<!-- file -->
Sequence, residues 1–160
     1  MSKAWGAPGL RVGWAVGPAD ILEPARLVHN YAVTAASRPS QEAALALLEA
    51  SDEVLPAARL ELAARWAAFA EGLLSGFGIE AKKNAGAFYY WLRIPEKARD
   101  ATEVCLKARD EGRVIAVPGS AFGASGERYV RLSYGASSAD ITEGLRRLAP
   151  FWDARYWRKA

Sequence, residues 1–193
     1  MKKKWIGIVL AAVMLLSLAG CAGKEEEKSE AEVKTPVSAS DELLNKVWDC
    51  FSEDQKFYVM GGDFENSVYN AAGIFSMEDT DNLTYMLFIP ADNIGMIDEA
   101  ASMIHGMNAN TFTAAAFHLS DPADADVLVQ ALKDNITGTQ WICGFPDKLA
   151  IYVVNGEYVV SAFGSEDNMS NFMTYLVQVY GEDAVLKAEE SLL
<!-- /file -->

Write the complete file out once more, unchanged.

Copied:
Sequence, residues 1–160
     1  MSKAWGAPGL RVGWAVGPAD ILEPARLVHN YAVTAASRPS QEAALALLEA
    51  SDEVLPAARL ELAARWAAFA EGLLSGFGIE AKKNAGAFYY WLRIPEKARD
   101  ATEVCLKARD EGRVIAVPGS AFGASGERYV RLSYGASSAD ITEGLRRLAP
   151  FWDARYWRKA

Sequence, residues 1–193
     1  MKKKWIGIVL AAVMLLSLAG CAGKEEEKSE AEVKTPVSAS DELLNKVWDC
    51  FSEDQKFYVM GGDFENSVYN AAGIFSMEDT DNLTYMLFIP ADNIGMIDEA
   101  ASMIHGMNAN TFTAAAFHLS DPADADVLVQ ALKDNITGTQ WICGFPDKLA
   151  IYVVNGEYVV SAFGSEDNMS NFMTYLVQVY GEDAVLKAEE SLL